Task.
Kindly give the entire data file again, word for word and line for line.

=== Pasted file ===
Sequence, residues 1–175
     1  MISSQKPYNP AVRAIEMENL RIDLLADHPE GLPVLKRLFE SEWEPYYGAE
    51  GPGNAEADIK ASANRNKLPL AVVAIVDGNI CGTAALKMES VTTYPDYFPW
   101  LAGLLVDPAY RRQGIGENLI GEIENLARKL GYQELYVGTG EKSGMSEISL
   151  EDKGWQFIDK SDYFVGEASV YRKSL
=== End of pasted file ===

Sequence, residues 1–175
     1  MISSQKPYNP AVRAIEMENL RIDLLADHPE GLPVLKRLFE SEWEPYYGAE
    51  GPGNAEADIK ASANRNKLPL AVVAIVDGNI CGTAALKMES VTTYPDYFPW
   101  LAGLLVDPAY RRQGIGENLI GEIENLARKL GYQELYVGTG EKSGMSEISL
   151  EDKGWQFIDK SDYFVGEASV YRKSL